Stories

Numbers are important, but the personal stories are what matter the most.

 

 

 

 

An Essay By An Anonymous Foundation Youth:

My life was a never-ending agenda, always listing tasks and rushing to check them off in hopes of attaining a moment of contentment. Each time I fell short of completing the task perfectly, I felt like a failure, compounding the hatred and disappointment I felt within myself. The days dragged on for what seemed like years, and became nothing more than an anticipation for sleep, a momentary silencing of my mind. I grew covetous of the peace and confidence that I saw in others. Acquiring quietness became another "task" to complete. Frustrated with my inability to relax, I stared out of the window, envying the freedom of the birds—a freedom denied to me by my imprisoning mind. I scarcely heard the old house creak as my mentor approached me. "Close your eyes, focus on your breathing, clear your mind," he instructed me. For 20 minutes I sat rigidly in unbearable discomfort which arose from the absence of distractions—the forced focus on my deep-seated hatred of my appearance and mediocrity. I fought this arduous battle for a single concession: an ephemeral moment of tranquility. After years of chasing peace through check lists, I had finally discovered the path to profound silence.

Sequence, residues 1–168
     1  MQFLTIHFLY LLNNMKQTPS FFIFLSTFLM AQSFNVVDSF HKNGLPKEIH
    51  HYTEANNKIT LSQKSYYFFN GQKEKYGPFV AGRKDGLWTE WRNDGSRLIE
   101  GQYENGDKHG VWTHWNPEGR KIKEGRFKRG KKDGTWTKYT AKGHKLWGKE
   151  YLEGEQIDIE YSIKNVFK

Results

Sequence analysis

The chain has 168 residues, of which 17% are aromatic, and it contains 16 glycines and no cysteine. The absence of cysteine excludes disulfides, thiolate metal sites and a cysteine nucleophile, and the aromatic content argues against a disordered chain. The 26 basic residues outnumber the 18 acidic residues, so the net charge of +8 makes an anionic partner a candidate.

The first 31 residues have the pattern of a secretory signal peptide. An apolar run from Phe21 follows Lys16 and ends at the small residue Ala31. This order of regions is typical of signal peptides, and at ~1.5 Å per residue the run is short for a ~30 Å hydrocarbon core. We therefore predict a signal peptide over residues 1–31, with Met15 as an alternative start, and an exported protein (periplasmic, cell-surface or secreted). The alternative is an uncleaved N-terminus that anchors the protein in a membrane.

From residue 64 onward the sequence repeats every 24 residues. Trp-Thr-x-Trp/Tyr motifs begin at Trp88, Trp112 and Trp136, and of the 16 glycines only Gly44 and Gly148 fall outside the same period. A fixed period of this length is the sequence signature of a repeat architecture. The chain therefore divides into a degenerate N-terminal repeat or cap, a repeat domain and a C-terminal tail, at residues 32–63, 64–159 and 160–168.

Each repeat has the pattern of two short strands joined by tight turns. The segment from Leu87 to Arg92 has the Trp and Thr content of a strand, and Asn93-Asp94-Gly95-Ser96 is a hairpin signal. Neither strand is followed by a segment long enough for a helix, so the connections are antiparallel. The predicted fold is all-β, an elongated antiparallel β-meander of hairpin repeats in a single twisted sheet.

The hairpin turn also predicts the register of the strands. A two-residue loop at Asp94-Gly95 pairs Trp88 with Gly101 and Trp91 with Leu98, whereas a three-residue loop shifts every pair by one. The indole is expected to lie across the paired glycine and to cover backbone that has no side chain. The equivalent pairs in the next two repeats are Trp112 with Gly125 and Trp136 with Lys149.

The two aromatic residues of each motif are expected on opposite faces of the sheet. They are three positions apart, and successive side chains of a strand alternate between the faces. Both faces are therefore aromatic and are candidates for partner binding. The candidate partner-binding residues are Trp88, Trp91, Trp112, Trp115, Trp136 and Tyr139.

The silence is no longer a disturbance, but a blessing. Gradually, I felt the muscles in my shoulders soften as I learned to cope with life's demands. Now I live deliberately. Each action I take is a defining step to a meaningful end rather than a disjointed list of tasks to fulfill. I have stopped habitually comparing myself to others, and have found comfort and confidence in my own abilities. After losing a three hour tennis match I walked off proud, with a sense of accomplishment, instead of punishing myself for not finding a way to win. Last month, I walked into a government test confidently, answering the questions with assuredness, rather than fearing failure as I did last spring. I want to share the value of meditation with those harboring the self-hatred I once possessed. I want to share a path to the blinding light of peace for those who still sit in dark noise.


 
Edgardo Ureta in the Hartford Tennis shirt with ATP tour pro Andy Murray, and Foundation Alumni Trenton Alenik and Frideric Prandecki

Edgardo Ureta in the Hartford Tennis shirt with ATP tour pro Andy Murray, and Foundation Alumni Trenton Alenik and Frideric Prandecki

The Story of Edgardo Ureta: Making the Impossible Happen

Please click here for the inspiring article on Edgardo Ureta and his journey to and through our program, as published by his Alma Mater, Hartford University's.